Fundamentalism’s Use of “You . . . are a royal priesthood” Backfires; Verse Actually Supports Ministerial Priesthood

An antagonist just informed me that the Catholic priesthood is not “biblical” because the Bible reads:
But you are a chosen race, a royal priesthood, a holy nation, God’s own people, that you many declare the wonderful deeds of him who called you out of darkness into his marvelous light (1 Peter 2:9).
If Protestantism entertained the entirety of Scripture to develop its theology instead of finding apparent proof-texts that fit a pre-conceived bigotry, then the verse, … and you shall be to me a kingdom of priests, a holy nation (Exodus 19:6), a description of the people of Israel, would make some sort of impact; would reveal that the established, ordained, legitimate priesthood of the Old Covenant was not usurped by the Old Covenant laity.  In parallel, St. Peter nearly quoted word-for-word of what would become the “Old Testament” Scriptures.  Under the Old Covenant, the entire assembly (ekklesia) was a royal priesthood and a holy nation, and yet they acknowledged the legitimacy of the ministerial priesthood.  So too, the entire New Covenant assembly (ekklesia) is a royal priesthood and a holy nation, and still contains a legitimate ministerial priesthood—and it was none other than St. Peter, the first pope, who so clearly referenced that reality within his letter—a clear reference that is rarely, if ever, acknowledged by the Protestant academy.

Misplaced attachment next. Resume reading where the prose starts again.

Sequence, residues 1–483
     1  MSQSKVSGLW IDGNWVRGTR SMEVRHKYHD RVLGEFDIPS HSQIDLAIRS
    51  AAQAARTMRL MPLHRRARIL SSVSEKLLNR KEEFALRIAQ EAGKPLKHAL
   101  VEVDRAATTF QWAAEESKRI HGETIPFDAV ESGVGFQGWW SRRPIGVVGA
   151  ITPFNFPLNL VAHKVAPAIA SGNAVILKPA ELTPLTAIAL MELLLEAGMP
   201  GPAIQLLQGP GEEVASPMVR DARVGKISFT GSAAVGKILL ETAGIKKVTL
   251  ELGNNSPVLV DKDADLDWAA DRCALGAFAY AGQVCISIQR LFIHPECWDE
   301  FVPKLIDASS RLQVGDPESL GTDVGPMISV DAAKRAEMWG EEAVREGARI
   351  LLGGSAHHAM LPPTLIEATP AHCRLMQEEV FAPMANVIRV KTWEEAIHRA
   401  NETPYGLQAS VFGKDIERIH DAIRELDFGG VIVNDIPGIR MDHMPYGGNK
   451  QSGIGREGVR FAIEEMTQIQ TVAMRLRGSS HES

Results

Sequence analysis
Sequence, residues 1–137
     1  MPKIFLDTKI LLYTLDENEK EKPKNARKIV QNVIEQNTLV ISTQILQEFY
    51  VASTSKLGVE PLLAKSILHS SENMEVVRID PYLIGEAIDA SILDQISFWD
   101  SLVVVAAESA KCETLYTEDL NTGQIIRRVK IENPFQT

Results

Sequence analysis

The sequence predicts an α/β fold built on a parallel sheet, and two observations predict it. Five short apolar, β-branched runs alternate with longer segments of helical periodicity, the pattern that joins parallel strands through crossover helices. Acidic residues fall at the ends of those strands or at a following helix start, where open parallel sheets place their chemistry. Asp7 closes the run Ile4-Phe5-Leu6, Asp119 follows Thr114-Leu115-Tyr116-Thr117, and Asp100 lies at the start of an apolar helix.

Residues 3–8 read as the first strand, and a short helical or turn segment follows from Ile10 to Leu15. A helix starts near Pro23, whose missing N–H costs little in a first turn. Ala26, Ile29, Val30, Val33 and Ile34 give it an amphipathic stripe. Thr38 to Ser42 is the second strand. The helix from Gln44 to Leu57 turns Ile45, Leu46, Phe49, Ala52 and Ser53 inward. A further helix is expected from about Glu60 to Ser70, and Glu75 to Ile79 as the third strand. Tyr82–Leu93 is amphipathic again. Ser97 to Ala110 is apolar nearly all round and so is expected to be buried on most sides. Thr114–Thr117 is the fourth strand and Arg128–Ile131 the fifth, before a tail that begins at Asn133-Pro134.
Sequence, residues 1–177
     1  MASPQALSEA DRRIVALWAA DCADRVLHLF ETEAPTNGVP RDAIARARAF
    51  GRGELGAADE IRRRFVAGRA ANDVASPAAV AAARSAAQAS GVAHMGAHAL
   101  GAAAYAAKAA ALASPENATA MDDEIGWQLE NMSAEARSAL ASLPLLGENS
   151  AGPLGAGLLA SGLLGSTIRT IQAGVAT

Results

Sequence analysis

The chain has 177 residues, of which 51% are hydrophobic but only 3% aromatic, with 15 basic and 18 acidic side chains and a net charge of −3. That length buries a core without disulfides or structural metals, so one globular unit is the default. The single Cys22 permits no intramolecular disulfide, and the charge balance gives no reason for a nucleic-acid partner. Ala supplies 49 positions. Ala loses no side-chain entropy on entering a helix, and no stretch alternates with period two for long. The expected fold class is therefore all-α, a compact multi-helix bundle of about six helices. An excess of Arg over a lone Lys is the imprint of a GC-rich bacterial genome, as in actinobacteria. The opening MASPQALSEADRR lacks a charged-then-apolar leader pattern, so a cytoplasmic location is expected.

The existence of St. Peter’s letter, which actually supports Catholic ecclesiology (governance) when allowed to exist within the context that St. Peter alluded, is a result of an already established proper ecclesiology.  In other words, the Church’s laity recognized St. Peter’s role as a priest with authority, or else his letter would not be respected as authoritative; the ministerial priesthood that he was a part of was not usurped by the holy nation of believers.
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